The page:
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We used an institutional guarantor for our NYC apartment, and one roommate can’t pay her share of the rent. What now?

Ideally, your roommate has savings to dip into or someone who can front her the money until she find a new gig.

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Question:

My two roommates and I used an institutional guarantor when we rented an apartment in NYC, and one just lost her job and can no longer pay her share of the rent. What happens now? Will our own credit ratings be affected?

Answer:

Because your institutional guarantor guaranteed your entire lease, not just your roommate’s portion, all three of you could face possible eviction if your entire monthly rent isn’t paid. What’s more, failure to pay could also affect your credit score and ability to rent apartments in the future, says Jeffrey Geller, vice chairman and chief operating officer of Insurent Lease Guaranty, an institutional guarantor (and Brick Underground sponsor). 

Don’t start panicking (or packing) just yet. Instead, if your roommate can’t borrow money to pay the rent or is unable or unwilling to move out immediately, it’s time for you and roommates to come to grips with reality and make a plan that offers some protection to all three of you.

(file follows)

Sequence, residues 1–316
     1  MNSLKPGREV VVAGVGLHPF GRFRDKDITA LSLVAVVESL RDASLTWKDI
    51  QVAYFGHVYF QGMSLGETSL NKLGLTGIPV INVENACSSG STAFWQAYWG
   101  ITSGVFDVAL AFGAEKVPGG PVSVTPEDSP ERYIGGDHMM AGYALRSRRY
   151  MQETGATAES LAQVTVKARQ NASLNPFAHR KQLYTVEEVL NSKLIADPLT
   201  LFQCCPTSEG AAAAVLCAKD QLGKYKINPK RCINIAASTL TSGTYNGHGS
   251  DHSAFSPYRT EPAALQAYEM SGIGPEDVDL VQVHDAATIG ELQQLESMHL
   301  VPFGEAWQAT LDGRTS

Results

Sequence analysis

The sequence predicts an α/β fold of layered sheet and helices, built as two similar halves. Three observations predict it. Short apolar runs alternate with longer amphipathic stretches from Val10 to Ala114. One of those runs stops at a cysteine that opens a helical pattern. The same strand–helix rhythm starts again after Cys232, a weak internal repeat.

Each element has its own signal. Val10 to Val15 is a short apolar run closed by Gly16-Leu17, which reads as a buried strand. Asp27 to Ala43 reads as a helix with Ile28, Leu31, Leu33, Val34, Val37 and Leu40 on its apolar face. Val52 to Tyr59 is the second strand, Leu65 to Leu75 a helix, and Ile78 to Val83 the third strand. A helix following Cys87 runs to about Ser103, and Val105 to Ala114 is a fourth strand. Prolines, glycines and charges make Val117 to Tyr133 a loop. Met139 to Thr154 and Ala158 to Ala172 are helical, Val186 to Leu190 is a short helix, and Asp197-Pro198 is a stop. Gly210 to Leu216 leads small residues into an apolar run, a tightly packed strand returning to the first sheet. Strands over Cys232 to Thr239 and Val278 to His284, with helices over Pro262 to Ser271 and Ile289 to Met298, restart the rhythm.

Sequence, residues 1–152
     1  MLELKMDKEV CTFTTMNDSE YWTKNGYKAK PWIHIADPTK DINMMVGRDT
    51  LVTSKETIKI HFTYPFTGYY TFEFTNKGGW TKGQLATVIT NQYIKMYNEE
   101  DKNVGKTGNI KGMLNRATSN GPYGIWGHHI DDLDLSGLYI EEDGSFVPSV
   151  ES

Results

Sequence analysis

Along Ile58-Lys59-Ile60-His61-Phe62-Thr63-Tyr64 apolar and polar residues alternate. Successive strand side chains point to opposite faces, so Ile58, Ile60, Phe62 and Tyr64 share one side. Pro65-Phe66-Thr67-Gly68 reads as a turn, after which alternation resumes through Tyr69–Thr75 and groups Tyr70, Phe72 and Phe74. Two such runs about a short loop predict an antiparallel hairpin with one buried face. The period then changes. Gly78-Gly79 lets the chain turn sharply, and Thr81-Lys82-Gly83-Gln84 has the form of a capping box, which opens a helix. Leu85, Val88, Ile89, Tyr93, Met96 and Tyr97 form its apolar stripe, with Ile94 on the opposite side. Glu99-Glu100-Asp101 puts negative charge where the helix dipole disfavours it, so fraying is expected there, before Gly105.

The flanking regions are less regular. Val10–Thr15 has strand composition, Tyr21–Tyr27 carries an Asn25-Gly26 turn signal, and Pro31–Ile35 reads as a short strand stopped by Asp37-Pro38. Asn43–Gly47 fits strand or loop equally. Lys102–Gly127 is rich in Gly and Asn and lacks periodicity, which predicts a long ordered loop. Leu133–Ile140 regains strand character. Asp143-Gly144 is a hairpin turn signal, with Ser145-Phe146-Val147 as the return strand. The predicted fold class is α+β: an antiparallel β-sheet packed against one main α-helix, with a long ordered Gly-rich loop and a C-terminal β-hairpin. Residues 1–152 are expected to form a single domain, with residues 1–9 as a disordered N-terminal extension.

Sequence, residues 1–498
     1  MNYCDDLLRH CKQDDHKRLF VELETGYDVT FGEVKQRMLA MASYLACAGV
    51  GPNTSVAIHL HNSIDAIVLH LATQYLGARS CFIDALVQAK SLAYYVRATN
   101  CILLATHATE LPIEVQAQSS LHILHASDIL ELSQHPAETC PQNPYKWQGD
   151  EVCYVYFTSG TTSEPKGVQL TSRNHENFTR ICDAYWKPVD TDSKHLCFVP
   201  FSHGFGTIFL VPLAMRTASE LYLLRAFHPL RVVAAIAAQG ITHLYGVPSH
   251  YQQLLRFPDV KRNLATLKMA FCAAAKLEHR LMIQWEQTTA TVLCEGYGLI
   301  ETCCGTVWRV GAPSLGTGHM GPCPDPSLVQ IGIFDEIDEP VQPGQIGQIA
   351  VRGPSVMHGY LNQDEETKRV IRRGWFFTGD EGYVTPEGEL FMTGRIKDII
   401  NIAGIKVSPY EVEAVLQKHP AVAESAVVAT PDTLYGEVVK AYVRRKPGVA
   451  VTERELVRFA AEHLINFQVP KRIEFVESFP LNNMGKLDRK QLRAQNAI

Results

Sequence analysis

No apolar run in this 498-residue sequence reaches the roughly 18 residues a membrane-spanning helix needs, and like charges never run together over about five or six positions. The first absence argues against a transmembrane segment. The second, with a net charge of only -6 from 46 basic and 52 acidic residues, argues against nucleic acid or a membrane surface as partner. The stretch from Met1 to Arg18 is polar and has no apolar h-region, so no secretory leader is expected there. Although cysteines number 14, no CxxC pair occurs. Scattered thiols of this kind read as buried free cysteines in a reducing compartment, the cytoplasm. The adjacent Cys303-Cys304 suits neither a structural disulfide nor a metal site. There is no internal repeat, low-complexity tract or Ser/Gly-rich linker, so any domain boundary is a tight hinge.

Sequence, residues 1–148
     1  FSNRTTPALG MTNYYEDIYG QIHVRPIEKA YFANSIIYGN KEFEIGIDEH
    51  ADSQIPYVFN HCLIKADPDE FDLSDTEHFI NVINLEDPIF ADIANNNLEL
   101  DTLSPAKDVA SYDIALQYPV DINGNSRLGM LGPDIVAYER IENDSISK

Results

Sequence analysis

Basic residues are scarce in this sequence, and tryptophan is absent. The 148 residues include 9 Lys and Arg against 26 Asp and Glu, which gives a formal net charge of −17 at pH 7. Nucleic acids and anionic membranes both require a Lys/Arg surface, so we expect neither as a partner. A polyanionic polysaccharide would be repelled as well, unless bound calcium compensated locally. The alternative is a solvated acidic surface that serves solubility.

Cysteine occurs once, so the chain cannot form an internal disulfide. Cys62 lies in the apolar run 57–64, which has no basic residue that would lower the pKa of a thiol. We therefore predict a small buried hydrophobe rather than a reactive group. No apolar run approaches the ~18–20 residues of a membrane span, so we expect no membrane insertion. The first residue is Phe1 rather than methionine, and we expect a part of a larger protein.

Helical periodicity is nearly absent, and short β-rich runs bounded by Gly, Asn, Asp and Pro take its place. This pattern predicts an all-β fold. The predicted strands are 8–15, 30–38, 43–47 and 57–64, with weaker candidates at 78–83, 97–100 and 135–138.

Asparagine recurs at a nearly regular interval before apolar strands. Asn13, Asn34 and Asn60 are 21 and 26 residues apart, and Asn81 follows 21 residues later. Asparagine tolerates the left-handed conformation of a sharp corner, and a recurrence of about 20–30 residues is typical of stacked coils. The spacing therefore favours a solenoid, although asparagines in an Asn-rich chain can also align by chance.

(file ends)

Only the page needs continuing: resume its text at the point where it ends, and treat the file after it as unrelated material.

If feasible, for example, you and your employed roommate could offer to cover your roommate’s rent for a defined period of time like a month or two, and agree in writing that if your roommate can’t pay her share of the rent at the end of that time, she will find (or allow you to find) another roommate to take her place with your landlord’s approval.   


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This scenario is likely the best way to protect yourselves, since you’re all on the lease together and thus on the hook for the rent no matter the circumstances. 

The worst-case scenario, which the three of you should try everything in your power to avoid, is eviction. When your rent is two months past due, expect to receive a three-day demand letter from your landlord. Eviction proceedings begin in Housing Court if payment is not made at that point, and can take between two and 10 months.

Once you’re evicted, your institutional guarantor will pay the back rent, plus rent through the end of the lease term if the apartment isn’t re-rented, and then seek repayment from you and your roommates. 

And, if you rent another apartment in New York City, you may have "a major problem,” Geller says. Not only could you wind up on the dreaded tenant blacklist, but an eviction stays on your credit report for at least seven years.